Some people think Eminem died in 2006 and was replaced by a clone created by the Illuminati

First, they claimed that Avril Lavigne died in 2003 and was replaced by her doppelganger, Melissa Vandella. Now they say Eminem died in 2006 to be replaced by an android clone. Say what?

Although the goofy conspiracy theory surrounding the iconic rapper has been circulating online for a few years now, it has recently picked up steam after LADbible looked at when and where it all started. And because we love debunking online myths and conspiracy theorieswe also took a closer look at it.

Why do people think Eminem is dead?

The rumors all started when fans noticed a change in Eminem’s voice over the years. Although LADbible was keen to point out that “singers and rappers experience voice shifts over the years due to a number of factors, including aging and stress,” the publication clearly understated the power of online conspiracies.

After all, it wasn’t until mid-July 2022 that TikTok fans started speculating about Harry Styles being bald and the proud owner of a very convincing wig…

Anyway, back to Eminem, real name Marshall Bruce Mathers III. Shortly after netizens decided his voice change was due to the rapper’s death and eventual ‘replacement’, Spanish site La Guía Del Varón decided to throw even more fuel on the fire in the calling it an “android clone” and claiming he knew exactly how and when he died: in a car crash in 2006.

“In 2006, Eminem died in a car accident,” the newspaper reportedly reported. That was all fans needed to start analyzing the rapper’s slight change in appearance over the years, with many pointing to a huge change in the shape of his jawline and overall facial structure.

“Yeah I believe he’s a clone he doesn’t even look like him anymore and his eyes are dead,” one fan wrote, as stated by LADbible. Aging was never even part of the conversation, and then came the lyrics.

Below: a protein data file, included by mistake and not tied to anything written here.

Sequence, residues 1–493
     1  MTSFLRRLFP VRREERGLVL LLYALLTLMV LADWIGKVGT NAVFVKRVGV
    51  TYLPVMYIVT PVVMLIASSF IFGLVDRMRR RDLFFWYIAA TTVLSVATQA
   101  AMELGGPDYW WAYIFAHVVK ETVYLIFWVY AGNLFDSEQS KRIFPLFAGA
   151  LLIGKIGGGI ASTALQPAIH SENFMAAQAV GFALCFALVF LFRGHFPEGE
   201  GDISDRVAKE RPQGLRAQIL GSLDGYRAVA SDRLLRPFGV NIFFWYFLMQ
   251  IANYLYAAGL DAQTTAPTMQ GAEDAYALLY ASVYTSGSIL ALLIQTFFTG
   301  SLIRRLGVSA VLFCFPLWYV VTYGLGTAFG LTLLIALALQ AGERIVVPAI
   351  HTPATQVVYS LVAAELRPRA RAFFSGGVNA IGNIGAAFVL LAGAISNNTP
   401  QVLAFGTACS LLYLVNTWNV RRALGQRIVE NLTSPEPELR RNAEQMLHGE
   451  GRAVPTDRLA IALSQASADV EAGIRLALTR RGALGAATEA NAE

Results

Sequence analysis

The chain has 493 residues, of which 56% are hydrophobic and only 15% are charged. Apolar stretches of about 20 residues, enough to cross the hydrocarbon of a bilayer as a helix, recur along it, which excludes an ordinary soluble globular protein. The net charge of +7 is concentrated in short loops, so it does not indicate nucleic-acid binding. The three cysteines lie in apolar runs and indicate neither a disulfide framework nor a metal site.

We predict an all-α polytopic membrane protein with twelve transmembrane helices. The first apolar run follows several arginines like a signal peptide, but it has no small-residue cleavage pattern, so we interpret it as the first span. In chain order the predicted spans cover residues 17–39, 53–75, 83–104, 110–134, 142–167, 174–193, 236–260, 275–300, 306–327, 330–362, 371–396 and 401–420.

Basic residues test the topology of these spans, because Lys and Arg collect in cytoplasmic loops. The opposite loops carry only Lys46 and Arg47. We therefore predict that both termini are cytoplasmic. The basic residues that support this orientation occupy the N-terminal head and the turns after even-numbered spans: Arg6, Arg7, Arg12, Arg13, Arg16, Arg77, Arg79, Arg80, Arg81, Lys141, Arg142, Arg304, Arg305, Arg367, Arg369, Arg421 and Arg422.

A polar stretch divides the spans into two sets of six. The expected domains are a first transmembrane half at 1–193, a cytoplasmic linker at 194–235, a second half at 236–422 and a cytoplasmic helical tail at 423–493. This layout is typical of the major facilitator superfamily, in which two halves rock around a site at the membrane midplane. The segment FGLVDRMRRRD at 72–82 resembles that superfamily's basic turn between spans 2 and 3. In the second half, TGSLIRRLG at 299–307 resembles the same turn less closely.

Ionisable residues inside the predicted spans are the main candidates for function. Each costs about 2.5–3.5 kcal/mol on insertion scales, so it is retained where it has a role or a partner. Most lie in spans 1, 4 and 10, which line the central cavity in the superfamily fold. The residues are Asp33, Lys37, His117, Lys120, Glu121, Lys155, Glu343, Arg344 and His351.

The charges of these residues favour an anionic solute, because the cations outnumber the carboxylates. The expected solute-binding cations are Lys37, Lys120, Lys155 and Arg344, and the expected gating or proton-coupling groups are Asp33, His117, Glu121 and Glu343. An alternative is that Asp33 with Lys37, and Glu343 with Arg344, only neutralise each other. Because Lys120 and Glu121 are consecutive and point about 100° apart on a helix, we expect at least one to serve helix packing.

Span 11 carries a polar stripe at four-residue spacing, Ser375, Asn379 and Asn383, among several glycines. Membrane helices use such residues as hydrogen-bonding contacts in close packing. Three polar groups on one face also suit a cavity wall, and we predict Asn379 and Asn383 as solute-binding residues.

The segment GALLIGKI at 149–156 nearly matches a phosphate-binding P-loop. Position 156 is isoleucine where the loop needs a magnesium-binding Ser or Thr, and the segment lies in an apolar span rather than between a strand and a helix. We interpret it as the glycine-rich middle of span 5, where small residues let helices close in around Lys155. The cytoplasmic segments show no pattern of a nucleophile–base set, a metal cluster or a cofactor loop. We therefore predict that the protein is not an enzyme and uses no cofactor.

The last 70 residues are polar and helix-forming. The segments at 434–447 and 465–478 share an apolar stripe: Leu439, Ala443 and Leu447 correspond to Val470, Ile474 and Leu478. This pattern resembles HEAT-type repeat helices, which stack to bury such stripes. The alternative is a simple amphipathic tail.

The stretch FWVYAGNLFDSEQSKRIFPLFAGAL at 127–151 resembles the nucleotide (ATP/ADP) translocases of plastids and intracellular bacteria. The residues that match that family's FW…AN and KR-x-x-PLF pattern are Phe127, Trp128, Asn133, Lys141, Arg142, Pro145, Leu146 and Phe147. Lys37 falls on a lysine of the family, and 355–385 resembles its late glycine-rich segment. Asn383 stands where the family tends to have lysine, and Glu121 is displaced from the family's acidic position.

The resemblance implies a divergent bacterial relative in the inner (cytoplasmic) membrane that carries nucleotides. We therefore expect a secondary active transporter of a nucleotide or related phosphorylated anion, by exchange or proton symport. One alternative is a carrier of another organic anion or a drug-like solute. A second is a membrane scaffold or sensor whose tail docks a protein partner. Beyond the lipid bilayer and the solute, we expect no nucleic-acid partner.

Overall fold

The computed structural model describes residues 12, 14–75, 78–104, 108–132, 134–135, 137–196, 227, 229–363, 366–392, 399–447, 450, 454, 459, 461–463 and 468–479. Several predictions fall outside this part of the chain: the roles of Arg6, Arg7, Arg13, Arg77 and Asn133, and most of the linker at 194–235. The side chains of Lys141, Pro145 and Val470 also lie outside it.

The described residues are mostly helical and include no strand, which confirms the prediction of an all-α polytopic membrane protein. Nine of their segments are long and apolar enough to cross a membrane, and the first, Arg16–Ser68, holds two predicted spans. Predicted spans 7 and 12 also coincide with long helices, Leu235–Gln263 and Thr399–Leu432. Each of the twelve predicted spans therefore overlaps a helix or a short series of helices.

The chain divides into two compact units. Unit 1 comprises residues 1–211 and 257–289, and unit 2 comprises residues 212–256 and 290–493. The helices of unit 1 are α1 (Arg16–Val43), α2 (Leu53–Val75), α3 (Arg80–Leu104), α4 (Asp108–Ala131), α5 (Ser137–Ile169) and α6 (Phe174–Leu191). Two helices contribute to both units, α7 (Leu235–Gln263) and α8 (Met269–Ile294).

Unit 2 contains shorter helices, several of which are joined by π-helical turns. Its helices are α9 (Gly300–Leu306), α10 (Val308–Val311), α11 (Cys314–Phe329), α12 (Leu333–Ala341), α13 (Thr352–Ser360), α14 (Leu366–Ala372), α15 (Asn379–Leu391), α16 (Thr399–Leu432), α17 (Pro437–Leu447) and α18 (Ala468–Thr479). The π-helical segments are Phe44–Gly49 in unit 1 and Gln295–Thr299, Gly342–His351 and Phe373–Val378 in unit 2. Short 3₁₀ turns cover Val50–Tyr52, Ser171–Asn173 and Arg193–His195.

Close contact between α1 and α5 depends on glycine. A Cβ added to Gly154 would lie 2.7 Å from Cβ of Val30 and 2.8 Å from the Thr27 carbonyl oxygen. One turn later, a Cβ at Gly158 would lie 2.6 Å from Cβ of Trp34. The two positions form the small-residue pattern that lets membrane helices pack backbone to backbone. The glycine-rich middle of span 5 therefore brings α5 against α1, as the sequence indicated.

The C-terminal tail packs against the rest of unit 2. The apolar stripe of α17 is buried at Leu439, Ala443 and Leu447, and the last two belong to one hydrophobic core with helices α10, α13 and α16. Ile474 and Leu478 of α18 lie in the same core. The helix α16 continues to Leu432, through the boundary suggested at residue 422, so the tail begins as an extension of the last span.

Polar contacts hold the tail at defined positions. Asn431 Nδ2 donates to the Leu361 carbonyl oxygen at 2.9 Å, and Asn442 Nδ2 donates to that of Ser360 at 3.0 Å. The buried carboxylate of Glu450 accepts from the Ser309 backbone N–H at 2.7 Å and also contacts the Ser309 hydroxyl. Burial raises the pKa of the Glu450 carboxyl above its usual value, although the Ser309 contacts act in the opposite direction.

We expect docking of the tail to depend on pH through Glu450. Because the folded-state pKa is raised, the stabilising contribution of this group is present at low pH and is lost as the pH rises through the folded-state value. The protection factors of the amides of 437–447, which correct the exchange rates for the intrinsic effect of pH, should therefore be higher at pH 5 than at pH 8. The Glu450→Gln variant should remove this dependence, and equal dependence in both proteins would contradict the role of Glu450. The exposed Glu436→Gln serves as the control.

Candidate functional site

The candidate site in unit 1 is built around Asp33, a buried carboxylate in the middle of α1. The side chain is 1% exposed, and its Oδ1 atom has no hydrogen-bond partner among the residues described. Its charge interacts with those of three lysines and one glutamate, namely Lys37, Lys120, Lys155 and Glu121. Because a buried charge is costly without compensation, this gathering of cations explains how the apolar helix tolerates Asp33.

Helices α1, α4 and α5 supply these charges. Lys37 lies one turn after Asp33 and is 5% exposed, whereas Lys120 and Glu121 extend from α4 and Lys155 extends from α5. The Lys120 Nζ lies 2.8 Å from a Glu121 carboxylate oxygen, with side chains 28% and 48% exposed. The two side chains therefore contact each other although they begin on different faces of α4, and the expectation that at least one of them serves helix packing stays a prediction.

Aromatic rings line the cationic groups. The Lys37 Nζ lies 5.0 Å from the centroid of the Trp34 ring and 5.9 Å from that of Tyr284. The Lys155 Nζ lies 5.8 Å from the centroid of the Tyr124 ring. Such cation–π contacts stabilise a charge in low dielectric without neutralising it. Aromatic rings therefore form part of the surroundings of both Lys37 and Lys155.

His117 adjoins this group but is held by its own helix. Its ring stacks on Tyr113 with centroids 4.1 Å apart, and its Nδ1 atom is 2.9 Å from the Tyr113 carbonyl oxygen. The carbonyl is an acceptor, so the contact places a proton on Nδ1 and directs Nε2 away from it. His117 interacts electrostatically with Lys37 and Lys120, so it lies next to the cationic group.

The theory points out that since 2006 (that is, remember, when he supposedly died in a car crash), the rapper has made significant changes to his lyrics and his fashion sense. also changed, adding that he now puts “a big emphasis on the hip hop lifestyle” and changed to a “much darker” style.

Until now, it’s safe to assume that only tinfoil hat wearers and die-hard fans really believed in this crazy, baseless story. But then Eminem himself led to more and more conspiracy theorists flocking to the story.

In 2013, footage of Eminem “glitching” on a live ESPN report began circulating, which was hyped again in 2016 when rapper BoB posted a series of cryptic tweets claiming that human cloning had been around for ages. years.

Then in 2019, Canadian-American rapper, songwriter and former professional wrestler – don’t ask – Tom Macdonald released the music video for his track “Cloned Rappers”, which sent the theory proponents into a frenzy, since Macdonald can be heard claiming in his song that “Illuminati took bone samples to clone rappers” and then put the real ones in jail to “silence their vision”.

“If they can’t control you, they erase the old you,” he continues in the song, before listing some of the names he says have been cloned, including Gucci Mane, Kodak Black and, well, sure, Eminem.

As unfounded and outlandish as this theory may seem, many continue to defend their belief in it, with one Twitter user trying to provide yet another “evidence” to back up the claims:

And honestly, how can we blame said believers? After all, we live in the digital age where QAnon followers build a thriving community as TikTok users try to prove that the snow is a government plot

About Norman Griggs

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